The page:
But, my current work is based on exploring the female form, and using it to express my art - confronting people with reality, and fighting back against the images forced at us by the media, about what is and is not a perfect body; challenging and throwing realism to the fore.

 So, I'm hesitating.

I can't seem to divorce what I sew from what I want to say about female issues.

To do an article about my work without  including images of what I do, seems odd. It's also rather unfair to deny me the opportunity of speaking to the quilting world at large.

It seems to me that the "Fine Art World" calls quilts craft, and denies the fact they are a growing art form, and yet the quilting world does the opposite, and accepts them only as a craft, and won't accept the art.

Any thoughts?

Friday, 13 July 2012

daily exercise

No no no - not jogging ..... drawing. A couple of months back we had a discussion about the importance of regular drawing as an underpinning to our work. Very similar to the need for an athlete to work out regularly actually, only a lot more fun to my mind. Anyway - gauntlets were flung around merrily and I decided to try and make just a little time each day for drawing - 15 minutes ... seemed achievable to me. And it has been, by and large. I started with lots of drawings of my dog, trying to get to know him in such detail that I would be able to draw him quickly. I loved that and it is still work in progress. But I needed a change (dog is disgusted), and decided to try some landscapes. These are from photos at present. but my ultimate aim is to be able to render the essence of a landscape quickly in the open. These are quite hard - a lot of information to get down in 15 minutes, and that's still at photo stage. Prioritisation is needed and I'm starting to identify the things I need to get down: darks and light, strong shapes and outlines and the dominant lines. I hope that my skills here will improve, so that I have the ability to capture what matters when I am out and about. There are always those things that defy the camera - and landscape is often one of them, so I shall keep at it. So here are some first efforts. Not brilliant drawings, and some very dodgy perspective, but trying to hone in on what was important. Maybe when the rain stops, I'll be ready for a go in the real world! - Hilary x

Thursday, 12 July 2012

Another treasure

I saw a lovely Geisha figure in a local antique shop a few weeks ago and thought she'd be perfect for a Victorian glass dome I bought at auction in the spring. The shop owner measured her for me and I checked the height of the dome as soon as I got home. Imagine my disappointment when I returned to the shop and she had already been sold. What I didn't know until my birthday yesterday was that it was my mother who had bought her for me!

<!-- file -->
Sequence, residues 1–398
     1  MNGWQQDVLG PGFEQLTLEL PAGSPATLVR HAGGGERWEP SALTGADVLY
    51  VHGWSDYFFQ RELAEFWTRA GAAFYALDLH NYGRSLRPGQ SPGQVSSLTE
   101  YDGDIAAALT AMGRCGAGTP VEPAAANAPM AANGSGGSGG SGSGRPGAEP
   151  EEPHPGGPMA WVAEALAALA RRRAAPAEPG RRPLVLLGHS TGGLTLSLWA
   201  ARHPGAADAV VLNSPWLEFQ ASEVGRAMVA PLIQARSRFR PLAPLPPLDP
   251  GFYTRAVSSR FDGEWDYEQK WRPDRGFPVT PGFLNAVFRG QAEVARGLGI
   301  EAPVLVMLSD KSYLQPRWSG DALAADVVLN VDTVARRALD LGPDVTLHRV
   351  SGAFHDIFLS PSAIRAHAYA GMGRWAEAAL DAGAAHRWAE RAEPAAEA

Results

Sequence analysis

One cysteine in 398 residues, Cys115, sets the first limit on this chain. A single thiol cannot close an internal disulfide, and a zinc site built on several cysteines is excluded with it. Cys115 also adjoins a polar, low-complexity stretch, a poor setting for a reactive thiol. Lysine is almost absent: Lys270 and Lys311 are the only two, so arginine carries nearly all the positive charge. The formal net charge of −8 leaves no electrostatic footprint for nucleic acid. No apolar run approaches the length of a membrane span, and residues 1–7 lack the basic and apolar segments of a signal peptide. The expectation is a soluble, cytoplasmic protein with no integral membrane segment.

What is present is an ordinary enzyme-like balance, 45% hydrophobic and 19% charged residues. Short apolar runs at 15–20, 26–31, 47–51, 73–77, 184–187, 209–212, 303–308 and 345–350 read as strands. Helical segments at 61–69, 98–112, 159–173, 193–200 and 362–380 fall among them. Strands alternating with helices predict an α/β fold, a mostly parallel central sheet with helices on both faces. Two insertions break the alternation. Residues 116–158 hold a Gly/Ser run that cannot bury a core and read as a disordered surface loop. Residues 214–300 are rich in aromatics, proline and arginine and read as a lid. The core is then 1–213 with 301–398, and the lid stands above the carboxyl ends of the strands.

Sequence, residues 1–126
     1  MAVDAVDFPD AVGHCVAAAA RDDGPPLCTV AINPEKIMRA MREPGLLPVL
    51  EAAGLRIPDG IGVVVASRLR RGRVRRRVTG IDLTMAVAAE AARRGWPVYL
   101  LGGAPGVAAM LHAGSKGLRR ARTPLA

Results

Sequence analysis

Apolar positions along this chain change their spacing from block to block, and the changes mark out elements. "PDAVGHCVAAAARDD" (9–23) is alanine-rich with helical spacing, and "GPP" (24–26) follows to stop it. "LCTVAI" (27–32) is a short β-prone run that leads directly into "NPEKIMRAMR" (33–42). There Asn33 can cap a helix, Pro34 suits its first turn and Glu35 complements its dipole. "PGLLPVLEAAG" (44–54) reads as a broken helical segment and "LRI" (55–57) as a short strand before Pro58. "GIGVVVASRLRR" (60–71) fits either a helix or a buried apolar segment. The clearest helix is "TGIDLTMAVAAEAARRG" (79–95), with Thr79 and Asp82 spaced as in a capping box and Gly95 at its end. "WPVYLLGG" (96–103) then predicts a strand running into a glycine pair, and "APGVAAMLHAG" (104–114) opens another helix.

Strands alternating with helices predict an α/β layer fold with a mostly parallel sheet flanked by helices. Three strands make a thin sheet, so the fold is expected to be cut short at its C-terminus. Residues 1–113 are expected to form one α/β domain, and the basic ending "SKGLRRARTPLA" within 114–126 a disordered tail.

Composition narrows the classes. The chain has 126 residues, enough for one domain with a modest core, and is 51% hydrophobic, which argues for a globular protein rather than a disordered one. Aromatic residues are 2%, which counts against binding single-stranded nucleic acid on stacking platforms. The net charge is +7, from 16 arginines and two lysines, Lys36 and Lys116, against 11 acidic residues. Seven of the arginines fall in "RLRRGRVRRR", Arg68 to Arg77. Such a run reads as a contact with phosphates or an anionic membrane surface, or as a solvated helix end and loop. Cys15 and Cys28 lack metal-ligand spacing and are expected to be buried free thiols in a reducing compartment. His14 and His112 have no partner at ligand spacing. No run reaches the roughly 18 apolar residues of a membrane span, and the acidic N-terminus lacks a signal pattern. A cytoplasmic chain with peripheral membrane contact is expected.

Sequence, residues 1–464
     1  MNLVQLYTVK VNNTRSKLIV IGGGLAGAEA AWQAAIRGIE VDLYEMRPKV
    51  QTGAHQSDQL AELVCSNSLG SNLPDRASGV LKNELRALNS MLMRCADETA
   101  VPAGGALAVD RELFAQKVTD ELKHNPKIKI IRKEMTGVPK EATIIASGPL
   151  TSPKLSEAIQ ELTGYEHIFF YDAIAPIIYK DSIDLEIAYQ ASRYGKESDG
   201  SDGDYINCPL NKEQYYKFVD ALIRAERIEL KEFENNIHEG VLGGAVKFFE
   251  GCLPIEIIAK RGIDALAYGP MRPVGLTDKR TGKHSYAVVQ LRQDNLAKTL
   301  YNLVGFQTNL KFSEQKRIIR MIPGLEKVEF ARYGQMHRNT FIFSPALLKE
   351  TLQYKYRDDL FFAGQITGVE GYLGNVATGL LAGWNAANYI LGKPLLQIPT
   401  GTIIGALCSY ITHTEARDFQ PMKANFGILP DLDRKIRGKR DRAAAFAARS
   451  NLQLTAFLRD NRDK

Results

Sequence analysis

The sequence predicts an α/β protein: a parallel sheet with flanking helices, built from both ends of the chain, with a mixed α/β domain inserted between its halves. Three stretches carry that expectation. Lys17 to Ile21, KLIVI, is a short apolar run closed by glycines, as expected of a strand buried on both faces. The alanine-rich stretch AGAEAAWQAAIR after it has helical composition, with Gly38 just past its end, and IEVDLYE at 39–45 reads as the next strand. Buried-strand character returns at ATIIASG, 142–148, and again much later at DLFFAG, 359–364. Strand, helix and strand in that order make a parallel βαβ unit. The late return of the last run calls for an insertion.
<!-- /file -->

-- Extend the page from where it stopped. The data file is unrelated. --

She stands 17 inches tall and wears a lovely silk Kimono.

Rather difficult to photograph her under the dome (and I'm so scared I'll break something that I don't want to remove it again!) but you can just make out the stitched fabric fingers. I don't know what she's holding - Annabel have you any idea? They are pierced, slightly curved rectangular shapes painted metallic gold and threaded with a cord.

Wednesday, 4 July 2012

Ready for binding

Finally I have all the quilting complete on the first piece for Orientation. This one's been weeks in the making so it's a big relief to get it to this stage. 

I know, I know, before you comment, it's a top notch photo! Seriously, there's no sleeve at the moment so I can't pop it on the stand and had to photograph it on the floor instead. It's such a long thing and a thank you that it's impossible! As you can see I've squared it off. The original plan was to leave the irregular shape, but once the quilting was done it just seemed better to crop the composition a bit tighter.  Besides, I think it needs a dark binding to give it a strong outline so I'm going to bind rather than face. 

It's all free hand quilted, mostly on the longarm and just a few finishing bits on the regular machine.

So that's one down and three more on the list to do. These will be smaller though and more manageable  - I hope!

Meanwhile I've also been working on something new. This quilt is all digitally printed onto cotton poplin. The central area is a layered collage of a digital photo of my favourite wintry hedges and a drawing I did earlier in the year. I've added some pieced columns to the left and right hand sides. It went on the longarm today and I've started the quilting. I'm really enjoying working on this one. I'll head over to the Fingerprint blog in a moment or two and add some extra pictures of it on there. Do take a look!

Hope you're all keeping busy. Talk to you soon,